Picture Day Part 8: Lawn Goes On

Every once in a while I note that I have a fairly big lawn. Here’s some perspective on that:

The lawn goes out to the telephone poles you see there in the distance. I’m at one end, and from where I’m standing it’s about 500 feet to the nearest of the poles. Bear in mind that this is only the front yard; there’s the back yard too (and a side yard). There’s also the matter that this isn’t the full front yard — there’s a fairly substantial strip of land to the left that you’re not seeing. It’s a big yard.

The reason you shouldn’t construe this as bragging is because all that lawn is a real pain in the ass to mow — it literally takes several days, unless you want to spend an entire day vibrating up and down on a tractor. Which is not a really great idea.

We got a lot of land because of some boneheaded idea I had that what I really needed was a chunk of earth, that whole “You’re not a man unless you have some land” thing that caused America’s European forebears to schlep over the ocean and mug the people who were already here. Now I have a bit of land and I wish I had someone else to mow it. Well, to be entirely honest, I do — Krissy does most of the mowing. But I bet she wishes she had someone to else to mow it.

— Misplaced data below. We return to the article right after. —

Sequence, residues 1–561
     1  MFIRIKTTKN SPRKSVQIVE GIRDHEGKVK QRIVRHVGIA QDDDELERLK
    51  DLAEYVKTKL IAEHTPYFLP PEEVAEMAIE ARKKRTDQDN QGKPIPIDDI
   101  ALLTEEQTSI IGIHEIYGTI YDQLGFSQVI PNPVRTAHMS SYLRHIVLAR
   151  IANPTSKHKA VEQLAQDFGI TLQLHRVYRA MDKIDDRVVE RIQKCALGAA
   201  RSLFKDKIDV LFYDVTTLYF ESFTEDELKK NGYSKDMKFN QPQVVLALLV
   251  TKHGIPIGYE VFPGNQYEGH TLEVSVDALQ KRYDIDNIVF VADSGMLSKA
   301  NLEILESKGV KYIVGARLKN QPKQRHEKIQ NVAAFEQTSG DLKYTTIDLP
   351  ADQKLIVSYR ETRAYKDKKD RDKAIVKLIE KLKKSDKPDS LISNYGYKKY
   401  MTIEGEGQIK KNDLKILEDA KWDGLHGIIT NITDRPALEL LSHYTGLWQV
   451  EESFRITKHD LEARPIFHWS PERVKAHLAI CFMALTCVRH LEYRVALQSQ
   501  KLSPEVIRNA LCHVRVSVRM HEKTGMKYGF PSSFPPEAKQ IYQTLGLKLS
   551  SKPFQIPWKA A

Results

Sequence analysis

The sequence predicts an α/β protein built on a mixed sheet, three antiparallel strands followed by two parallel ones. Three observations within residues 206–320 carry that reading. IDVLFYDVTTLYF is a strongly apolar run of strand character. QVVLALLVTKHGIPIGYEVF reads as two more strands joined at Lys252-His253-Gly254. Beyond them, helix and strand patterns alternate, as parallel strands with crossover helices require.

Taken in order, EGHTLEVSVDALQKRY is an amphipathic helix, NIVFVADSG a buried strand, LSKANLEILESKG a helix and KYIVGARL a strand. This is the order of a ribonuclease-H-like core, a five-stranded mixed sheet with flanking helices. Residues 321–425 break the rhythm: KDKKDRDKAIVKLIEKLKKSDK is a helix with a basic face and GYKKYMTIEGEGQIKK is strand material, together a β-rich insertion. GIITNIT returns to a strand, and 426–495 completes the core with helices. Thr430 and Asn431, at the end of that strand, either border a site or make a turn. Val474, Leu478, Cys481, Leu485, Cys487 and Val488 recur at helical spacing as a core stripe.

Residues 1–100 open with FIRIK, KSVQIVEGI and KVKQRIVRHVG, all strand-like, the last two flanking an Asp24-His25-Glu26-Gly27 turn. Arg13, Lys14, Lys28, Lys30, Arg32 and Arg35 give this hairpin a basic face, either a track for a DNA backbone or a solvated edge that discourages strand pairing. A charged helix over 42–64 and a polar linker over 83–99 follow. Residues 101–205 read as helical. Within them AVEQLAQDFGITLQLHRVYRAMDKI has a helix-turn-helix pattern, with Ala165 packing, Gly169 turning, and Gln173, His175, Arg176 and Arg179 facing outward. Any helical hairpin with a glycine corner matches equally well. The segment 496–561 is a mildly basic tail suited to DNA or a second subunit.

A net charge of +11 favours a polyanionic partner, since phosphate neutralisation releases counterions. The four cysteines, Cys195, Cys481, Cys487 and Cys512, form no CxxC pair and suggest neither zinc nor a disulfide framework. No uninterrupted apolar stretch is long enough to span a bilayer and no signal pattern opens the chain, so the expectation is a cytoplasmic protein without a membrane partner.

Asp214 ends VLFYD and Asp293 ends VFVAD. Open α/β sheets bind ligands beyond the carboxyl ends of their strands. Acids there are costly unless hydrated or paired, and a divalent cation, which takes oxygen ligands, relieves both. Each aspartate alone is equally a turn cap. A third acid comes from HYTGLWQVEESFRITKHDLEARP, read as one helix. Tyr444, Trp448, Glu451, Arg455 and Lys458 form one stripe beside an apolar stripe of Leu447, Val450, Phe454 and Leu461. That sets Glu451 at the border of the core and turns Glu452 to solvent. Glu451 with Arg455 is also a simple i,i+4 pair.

Too late now. We’re here, we’ve got the yard, we gotta mow. With land comes responsibilities. Let that be a lesson for you.

Picture Day Part 7: Woof!

See, now, this is a dog:

By which I mean that you can look Kodi and say to yourself, “I believe this is an animal descended from packs of killers that brought down bears and moose.” As opposed to, say, a Shih Tzu, at which you look and say to yourself “This is what happens when you put a mop and a stuffed animal in a room with a Barry White CD.” Any grown dog that can fit inside a purse inherently has no dignity. Kodi doesn’t have to worry about that.